Somalia has one of the most vibrant media landscapes in the Horn of Africa. There are hundreds of radio, TV and print outlets satisfying the Somali thirst for news. And yet, broadcasters and journalists operate in an atmosphere which is hostile to free expression.
Somalia ranks as Africa's most dangerous place to be a journalist - this year alone six reporters have been murdered.
The threats to the media in Somalia come from all sides - there are powerful politicians in power battles with each other, there is the notorious armed group al-Shabab and even wealthy businessmen can mean danger.
Trying to report on the country's various issues has proven difficult for journalists. Those that do, do so at their peril. But that fragile media environment has not stemmed the growth of the media sector or discouraged young journalists from entering the field.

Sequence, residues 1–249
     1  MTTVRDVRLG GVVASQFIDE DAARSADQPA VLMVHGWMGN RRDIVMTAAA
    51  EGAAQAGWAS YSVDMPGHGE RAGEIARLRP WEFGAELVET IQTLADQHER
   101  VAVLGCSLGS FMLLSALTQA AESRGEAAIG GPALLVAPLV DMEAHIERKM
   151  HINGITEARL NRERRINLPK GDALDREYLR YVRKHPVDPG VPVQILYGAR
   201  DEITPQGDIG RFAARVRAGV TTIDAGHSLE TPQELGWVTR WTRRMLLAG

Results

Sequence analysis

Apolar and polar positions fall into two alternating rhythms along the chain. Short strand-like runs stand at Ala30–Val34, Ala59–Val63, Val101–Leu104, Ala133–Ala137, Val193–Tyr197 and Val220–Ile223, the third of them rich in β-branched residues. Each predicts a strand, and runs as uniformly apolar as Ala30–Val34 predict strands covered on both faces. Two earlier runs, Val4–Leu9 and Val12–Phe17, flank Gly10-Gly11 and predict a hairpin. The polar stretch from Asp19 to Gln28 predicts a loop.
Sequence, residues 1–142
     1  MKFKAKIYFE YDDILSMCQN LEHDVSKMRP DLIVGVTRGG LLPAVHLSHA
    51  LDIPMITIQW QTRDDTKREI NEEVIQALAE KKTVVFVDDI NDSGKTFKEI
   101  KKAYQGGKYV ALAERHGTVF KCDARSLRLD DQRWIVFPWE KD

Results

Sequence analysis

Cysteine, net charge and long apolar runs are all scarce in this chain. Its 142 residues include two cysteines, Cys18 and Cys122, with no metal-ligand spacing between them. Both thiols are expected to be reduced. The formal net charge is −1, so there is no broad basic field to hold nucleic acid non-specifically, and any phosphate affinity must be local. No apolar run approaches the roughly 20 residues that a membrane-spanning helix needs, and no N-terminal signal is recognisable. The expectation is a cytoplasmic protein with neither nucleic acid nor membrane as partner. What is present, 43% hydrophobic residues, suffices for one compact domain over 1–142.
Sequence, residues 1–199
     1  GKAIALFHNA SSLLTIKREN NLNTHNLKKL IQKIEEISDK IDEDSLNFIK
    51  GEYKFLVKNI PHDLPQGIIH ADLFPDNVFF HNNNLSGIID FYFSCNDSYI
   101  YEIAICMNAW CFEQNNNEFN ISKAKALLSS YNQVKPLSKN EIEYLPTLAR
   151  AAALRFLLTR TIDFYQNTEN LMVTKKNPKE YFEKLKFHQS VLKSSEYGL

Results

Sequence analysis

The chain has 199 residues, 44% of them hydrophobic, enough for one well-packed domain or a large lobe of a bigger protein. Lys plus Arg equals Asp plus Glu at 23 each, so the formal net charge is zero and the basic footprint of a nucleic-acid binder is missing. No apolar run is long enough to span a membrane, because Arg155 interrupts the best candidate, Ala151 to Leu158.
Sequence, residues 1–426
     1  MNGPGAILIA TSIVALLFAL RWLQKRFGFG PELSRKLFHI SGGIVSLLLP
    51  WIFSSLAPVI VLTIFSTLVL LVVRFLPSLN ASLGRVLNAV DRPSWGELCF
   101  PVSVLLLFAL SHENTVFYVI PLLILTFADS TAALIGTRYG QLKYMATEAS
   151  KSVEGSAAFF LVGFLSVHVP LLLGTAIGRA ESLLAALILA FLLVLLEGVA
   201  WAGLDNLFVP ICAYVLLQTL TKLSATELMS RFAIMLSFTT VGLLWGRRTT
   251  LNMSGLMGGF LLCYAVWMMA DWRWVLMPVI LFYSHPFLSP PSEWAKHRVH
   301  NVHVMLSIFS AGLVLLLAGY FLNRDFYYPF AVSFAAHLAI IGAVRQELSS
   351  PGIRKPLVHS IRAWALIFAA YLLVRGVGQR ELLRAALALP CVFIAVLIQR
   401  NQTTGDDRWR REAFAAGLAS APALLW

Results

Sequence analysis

In this week's feature, Listening Post's Flo Phillips explores the media landscape in Somalia, a country where being a journalist can cost you your life.
"Somali people in general are actually very news-orientated. They gather news all the time, either in private or government or whatever, they are more interested about what's going on; when they even shake your hands they tell you, do you have any news?
It's a tough job but somebody has to do it and somebody has to really convey the message ... they believe that you're gonna die one day and you never know the date that you're gonna die so they take that risk ... it's not an easy job, you have to either kill something or to be killed."
Farhan Haji Ali Ahmed, the owner of Horn Cable TV